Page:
"They are very honest, open and responsive to strangers," said Janet Mitchell, a Victorian policewoman who adopted a girl from Kutet. "It makes you see that people are decent and there's a lot of good in the world." As the tour continued, I asked the Father how the orphanage began.
"When I first opened my home in Kutet it was meant to be a rectory - a place people could come for contemplation and prayer," he said.
"One day during the hungry season, we had a visitor, a small boy. All the kids here are small for their age but this one was really starving. So I told my cook the boy could come here to eat after school. About a week later, I came home one night and the boy was in the backyard. I asked the cook why he was still here and she told me the boy said he was going to stay. Then a few days later, we had another one, and he said he was staying, too. Soon we had 20 children here and I provided for all of them.
Then, in about 1993, a representative from the Indonesian Government came to visit me and said `why don't you open up a formal orphanage so we can give you financial support.' So after reams of paperwork, we got our funding and things became easier for a while."
I spent the next few days getting to know the children of Kutet. They slept on wooden beds, had only one set of clothes and no toys other than those they made, things like spinning tops and wooden dolls. But the one thing they really needed were well-balanced meals. Mostly they live on cabbage, beans and rice, which fills their stomachs but falls short of a healthy diet. And it's not because Father Richard doesn't understand nutrition; it's because he's broke.
When East Timor and Oecussi seceded from Indonesia in 1999, the authorities yanked Father Richard's meager budget. He then turned to his brother, Edwin, a pastor in Pennsylvania, whose flock helped provide support for Father Richard and his children for many years. But in 2008, Father Edwin passed away. Coupled with the impact of the global financial crisis, donations petered out.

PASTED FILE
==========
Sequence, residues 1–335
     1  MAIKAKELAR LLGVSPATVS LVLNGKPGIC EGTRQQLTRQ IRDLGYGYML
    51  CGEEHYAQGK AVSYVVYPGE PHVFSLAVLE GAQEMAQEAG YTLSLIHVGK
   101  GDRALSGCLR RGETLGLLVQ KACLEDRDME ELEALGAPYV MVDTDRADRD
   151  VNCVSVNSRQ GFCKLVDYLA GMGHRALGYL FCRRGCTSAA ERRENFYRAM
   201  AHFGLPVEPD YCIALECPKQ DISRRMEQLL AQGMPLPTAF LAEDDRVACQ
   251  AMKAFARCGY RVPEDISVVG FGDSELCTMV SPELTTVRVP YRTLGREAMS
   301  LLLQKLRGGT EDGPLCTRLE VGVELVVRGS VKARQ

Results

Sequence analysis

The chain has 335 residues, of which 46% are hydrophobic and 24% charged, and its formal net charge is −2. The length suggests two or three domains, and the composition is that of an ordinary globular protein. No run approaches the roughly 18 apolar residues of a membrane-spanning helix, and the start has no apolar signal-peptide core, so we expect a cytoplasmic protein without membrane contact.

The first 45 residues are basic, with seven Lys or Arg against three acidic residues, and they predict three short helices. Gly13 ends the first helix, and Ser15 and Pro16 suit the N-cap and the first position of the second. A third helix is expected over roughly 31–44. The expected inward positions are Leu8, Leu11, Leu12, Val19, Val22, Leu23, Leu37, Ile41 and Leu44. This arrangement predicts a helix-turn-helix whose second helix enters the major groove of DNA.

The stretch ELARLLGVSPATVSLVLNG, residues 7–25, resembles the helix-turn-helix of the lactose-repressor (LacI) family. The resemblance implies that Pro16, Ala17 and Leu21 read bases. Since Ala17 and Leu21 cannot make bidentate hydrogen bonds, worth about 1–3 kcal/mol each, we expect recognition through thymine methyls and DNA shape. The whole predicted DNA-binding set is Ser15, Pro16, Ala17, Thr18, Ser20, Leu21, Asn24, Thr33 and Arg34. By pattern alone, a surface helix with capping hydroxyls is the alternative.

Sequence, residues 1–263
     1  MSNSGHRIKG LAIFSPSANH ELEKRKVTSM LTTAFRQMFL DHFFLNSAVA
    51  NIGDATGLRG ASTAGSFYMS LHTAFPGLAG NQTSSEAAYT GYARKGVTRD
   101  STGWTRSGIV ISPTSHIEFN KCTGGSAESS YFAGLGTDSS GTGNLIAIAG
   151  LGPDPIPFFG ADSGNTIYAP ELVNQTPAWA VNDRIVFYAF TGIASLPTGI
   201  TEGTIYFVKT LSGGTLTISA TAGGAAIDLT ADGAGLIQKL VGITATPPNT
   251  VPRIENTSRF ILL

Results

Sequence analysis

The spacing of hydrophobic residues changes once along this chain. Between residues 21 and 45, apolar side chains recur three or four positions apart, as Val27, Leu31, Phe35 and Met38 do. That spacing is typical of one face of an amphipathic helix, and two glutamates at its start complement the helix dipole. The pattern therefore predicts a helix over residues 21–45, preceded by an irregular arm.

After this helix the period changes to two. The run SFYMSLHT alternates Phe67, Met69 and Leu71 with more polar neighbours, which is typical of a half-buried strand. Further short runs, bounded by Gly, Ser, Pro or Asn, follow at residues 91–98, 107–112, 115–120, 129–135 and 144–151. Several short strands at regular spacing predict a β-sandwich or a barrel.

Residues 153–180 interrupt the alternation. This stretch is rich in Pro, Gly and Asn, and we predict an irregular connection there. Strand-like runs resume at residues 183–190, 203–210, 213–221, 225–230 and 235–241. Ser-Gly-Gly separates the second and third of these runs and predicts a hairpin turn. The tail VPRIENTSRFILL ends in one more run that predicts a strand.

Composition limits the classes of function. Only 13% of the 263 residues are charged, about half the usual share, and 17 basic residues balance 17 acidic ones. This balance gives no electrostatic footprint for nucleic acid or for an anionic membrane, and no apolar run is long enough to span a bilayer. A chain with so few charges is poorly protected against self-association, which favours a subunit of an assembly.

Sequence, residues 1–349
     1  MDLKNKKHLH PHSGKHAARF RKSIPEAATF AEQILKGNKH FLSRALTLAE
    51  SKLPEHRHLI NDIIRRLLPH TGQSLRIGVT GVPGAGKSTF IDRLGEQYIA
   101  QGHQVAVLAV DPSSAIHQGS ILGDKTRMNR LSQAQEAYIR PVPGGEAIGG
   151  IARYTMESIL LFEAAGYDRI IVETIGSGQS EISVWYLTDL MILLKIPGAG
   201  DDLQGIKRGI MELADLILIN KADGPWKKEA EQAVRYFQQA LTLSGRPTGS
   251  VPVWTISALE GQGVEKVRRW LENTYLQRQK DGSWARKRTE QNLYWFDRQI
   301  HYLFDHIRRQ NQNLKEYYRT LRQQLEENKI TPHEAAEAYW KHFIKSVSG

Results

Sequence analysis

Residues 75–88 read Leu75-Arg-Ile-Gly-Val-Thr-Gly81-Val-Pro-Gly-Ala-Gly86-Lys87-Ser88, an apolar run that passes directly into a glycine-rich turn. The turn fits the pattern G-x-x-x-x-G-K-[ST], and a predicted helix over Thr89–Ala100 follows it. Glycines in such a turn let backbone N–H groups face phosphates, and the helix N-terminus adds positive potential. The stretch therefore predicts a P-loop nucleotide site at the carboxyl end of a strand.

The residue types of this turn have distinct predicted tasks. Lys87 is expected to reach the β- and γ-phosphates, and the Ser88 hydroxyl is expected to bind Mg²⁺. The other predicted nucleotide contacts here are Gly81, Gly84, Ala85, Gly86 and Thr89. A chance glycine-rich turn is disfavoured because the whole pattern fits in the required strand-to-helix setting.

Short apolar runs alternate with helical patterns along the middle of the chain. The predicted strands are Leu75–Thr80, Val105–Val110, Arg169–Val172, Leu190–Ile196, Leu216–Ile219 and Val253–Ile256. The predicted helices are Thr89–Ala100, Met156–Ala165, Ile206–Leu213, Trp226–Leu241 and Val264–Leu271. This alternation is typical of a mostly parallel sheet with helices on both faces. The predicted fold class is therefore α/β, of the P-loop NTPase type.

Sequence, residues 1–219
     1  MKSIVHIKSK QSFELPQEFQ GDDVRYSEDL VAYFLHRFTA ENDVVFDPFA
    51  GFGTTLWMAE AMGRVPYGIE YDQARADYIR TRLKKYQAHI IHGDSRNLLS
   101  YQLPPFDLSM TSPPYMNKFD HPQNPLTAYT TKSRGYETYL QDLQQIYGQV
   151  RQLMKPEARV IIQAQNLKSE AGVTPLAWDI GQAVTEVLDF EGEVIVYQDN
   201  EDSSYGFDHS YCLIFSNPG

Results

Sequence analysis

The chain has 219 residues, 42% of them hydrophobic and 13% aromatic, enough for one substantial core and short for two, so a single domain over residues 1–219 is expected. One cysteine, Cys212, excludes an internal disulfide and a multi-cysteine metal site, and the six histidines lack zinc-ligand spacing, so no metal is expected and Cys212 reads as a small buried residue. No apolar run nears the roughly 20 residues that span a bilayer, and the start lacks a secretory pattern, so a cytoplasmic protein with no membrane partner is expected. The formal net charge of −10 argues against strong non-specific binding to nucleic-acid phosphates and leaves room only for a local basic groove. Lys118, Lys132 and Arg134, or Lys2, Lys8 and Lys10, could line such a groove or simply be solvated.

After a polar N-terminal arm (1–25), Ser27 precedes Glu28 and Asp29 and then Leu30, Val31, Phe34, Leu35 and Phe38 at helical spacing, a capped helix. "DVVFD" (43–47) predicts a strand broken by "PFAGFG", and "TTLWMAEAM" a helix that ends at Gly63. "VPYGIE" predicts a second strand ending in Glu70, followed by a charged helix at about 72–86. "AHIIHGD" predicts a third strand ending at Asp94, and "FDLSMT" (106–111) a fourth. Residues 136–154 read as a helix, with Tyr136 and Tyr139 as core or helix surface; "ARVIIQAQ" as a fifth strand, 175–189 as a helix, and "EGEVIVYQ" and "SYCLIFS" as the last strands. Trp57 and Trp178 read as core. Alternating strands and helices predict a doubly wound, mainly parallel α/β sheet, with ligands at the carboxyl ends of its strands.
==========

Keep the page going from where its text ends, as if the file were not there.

As it stands, Father Richard has enough funds to run his orphanage at a bare bones level. Stipends for staff are months in arrears. Meat has all but disappeared from the menu. The medicine cabinet is bare and urgently needed repairs to the property remain undone.
"For the first time since we opened, we are turning new children away," Father Richard said. "Thirty-two have already left. They were not sent home. They just left by themselves."
Nevertheless, the priest remains blindly optimistic his work will go on. His smile never wavering, he said, "One way or another, we will carry on."
If You Go:
East Timor is not an easy place to reach. Air travelers arrive at Nicolau Lobato International Airport in Dili (code DIL). There are only two airline routes to the rest of the world: to Darwin in Australia's Northern Territory and Denpasar in Bali. Air North flies between Darwin and Dili, and Merpati flies between Denpasar (Bali) and Dili. Most air travelers fly via Bali, because airfares to Bali from much of the world are more competitive than those to Darwin.
For background and travel information, go to The U.S. Department of State Travel Page, Democratic Republic of Timor-Leste.
For more information on Father Richard's work, email Father Richard Daschbach at firstname.lastname@example.org.
Photographs by Ian Neubauer